The reasons for that are various. It may be financially impractical to migrate certain software to more common platforms; it may be that the time it will take to do so requires that the software remain running on OS/2 while the migration is effected (hence the Noah’s Ark reference); in some very specific cases, numerous attempts have already been made to migrate the software but have failed for various reasons, usually because they depend on aspects of OS/2 that haven’t been replicated on more common platforms. In the latter case, which is the most serious of the three, the most common culprit is the Distributed System Object Model. While the System Object Model, on which DSOM is based, is itself unique to OS/2, and makes certain types of object programming easier on OS/2 than on other platforms (because much of the base operating system code can be easily reused and modified by application code), DSOM makes distributed object programming much easier, and software that was built using DSOM can be extremely difficult to make work reliably without it. Since DSOM remains closed source and proprietary to IBM, there’s also no easy way of porting DSOM itself to another platform.

That software, obviously, needs to be replaced and retired, but there’s no obvious way to do so now. As a result, the platform it runs on must be maintained at least to a minimal level. Fortunately, OS/2 was designed to run on hardware that current hardware remains by and large backwards compatible with, which makes maintaining it much easier than, say, VAX, DEC Unix, or any of the other dozens of operating system platforms that have existed. The problem is that there is also software on those operating systems that is still in use, and on many of the less well-known platforms such as Data General Unix, many of which cannot run on any current hardware. Even worse are the number of systems and subsystems that were designed as embedded systems and rely on processors, boards and other hardware that can no longer be easily, if expensively, custom produced, since fabs that no longer exist would literally have to be rebuilt.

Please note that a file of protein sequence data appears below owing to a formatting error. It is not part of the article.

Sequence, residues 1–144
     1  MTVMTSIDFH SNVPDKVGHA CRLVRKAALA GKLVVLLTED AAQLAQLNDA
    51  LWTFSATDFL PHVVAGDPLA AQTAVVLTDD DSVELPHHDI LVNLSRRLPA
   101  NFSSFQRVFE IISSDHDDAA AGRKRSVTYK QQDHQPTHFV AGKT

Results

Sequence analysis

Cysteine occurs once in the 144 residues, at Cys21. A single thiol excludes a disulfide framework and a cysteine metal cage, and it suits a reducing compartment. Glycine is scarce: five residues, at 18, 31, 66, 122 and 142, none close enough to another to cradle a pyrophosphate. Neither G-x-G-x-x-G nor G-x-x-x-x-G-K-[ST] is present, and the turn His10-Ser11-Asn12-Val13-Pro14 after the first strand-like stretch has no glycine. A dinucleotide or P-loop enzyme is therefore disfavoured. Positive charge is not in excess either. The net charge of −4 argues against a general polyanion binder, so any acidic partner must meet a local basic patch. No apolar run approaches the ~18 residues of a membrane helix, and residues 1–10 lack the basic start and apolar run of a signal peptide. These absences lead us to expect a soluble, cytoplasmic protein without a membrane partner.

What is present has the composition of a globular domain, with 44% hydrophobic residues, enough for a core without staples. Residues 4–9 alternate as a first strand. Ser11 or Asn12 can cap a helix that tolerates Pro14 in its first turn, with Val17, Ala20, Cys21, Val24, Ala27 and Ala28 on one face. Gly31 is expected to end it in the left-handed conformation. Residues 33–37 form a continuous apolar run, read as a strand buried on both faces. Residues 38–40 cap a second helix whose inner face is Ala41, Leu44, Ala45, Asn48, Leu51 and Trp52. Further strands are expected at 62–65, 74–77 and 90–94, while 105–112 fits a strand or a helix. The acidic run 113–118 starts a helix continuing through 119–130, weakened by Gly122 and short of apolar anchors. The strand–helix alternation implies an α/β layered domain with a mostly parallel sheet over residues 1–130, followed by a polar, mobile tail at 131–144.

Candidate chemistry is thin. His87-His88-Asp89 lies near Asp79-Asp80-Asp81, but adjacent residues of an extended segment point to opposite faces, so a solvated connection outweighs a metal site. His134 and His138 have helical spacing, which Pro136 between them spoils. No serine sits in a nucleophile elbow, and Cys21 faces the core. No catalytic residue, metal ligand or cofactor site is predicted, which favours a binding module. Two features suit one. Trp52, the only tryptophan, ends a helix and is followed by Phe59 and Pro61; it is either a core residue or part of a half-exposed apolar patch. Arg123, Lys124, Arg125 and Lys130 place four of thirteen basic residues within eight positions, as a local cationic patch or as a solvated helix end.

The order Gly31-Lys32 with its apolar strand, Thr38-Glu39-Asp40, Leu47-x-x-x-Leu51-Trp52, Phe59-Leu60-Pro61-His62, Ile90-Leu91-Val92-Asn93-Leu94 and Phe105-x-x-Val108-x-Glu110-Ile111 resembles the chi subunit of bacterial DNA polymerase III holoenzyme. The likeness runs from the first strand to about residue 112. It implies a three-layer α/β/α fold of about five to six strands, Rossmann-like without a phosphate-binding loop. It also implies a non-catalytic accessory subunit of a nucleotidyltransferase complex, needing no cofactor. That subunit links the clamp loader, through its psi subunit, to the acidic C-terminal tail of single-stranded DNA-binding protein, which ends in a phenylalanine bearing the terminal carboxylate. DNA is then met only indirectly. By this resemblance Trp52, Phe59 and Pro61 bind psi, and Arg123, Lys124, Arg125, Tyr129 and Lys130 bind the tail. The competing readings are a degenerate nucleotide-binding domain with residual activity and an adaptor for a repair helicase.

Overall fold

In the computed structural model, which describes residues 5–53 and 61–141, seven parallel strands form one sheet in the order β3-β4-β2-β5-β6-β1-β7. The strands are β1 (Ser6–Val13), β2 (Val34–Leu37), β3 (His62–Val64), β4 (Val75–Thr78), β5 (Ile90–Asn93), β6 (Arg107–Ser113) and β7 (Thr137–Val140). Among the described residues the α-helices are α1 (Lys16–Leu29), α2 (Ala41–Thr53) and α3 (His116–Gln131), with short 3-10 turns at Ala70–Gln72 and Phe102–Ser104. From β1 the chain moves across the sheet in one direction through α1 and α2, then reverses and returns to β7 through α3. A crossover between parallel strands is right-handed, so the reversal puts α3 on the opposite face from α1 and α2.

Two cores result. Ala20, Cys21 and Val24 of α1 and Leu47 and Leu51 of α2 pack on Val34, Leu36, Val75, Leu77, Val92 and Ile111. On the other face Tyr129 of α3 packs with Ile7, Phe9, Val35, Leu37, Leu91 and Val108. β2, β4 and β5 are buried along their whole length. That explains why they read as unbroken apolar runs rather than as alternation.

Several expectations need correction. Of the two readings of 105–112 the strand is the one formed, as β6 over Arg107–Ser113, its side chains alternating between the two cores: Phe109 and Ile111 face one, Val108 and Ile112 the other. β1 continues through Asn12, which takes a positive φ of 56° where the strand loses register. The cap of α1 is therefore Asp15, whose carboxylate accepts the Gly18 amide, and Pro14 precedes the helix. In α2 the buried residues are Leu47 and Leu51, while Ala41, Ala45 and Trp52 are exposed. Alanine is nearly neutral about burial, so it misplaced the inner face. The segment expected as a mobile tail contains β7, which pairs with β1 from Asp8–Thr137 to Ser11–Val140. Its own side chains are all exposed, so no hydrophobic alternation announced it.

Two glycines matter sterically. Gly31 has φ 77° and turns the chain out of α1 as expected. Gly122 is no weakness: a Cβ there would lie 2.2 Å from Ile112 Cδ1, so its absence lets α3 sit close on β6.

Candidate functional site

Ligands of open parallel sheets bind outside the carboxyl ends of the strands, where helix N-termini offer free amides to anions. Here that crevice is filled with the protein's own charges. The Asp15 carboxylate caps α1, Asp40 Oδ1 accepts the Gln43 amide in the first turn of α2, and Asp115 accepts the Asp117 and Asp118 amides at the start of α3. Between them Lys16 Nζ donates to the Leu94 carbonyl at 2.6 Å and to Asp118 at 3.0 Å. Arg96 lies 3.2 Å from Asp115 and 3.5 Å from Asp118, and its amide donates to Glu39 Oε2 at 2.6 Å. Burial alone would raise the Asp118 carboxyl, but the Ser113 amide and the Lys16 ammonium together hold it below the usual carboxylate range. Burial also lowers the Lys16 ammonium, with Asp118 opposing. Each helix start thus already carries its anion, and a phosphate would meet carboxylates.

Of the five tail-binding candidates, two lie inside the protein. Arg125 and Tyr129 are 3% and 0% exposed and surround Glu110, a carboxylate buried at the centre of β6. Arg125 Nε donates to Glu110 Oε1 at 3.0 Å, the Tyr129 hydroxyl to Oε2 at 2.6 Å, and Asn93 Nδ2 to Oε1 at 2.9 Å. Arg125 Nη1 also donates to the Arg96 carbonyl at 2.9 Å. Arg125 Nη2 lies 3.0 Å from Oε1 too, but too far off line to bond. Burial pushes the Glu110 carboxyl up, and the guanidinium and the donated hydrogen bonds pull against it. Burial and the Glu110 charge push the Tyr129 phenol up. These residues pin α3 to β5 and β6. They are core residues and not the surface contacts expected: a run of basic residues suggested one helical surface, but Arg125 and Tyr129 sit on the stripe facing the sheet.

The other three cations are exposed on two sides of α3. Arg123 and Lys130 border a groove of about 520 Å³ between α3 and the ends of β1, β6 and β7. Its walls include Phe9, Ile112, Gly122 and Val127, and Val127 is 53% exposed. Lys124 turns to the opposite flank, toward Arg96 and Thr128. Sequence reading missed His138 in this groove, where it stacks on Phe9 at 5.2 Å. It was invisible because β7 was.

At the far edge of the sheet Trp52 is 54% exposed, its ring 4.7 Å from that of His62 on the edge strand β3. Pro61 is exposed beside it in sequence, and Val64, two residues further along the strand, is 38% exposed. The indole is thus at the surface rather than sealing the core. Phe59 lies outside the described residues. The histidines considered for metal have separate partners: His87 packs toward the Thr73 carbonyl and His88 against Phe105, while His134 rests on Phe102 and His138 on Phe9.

In order to replace that software, it needs to be analyzed, and the MOOSE code and data analysis platform, which Mr. Girba is the primary author of, is a fantastic tool kit for that type of analysis. But going forward, perhaps we should begin thinking about code retirement as part of new code projects.

Unfortunately, one of the most powerful and widely used innovations over the last 20 years, Agile software development, while it was never designed to help such concerns, actively makes it more difficult, since it prioritizes code over documentation. Without documentation analysis can only be more difficult than it already is, and in some cases it can be nearly impossible. Tools like MOOSE work well when the source code is easily accessible, but in many cases it’s entirely inaccessible, since it consists of proprietary code written by companies that have long since disappeared.

Reverse engineering that kind of code, in an embedded system, that uses proprietary boards, controllers and other hardware, is virtually impossible. But hardware doesn’t last forever. The cost of rewriting from scratch, from the original requirements, can be huge, but it’s a cost that more and more companies and other organizations are finding they must find ways to cover.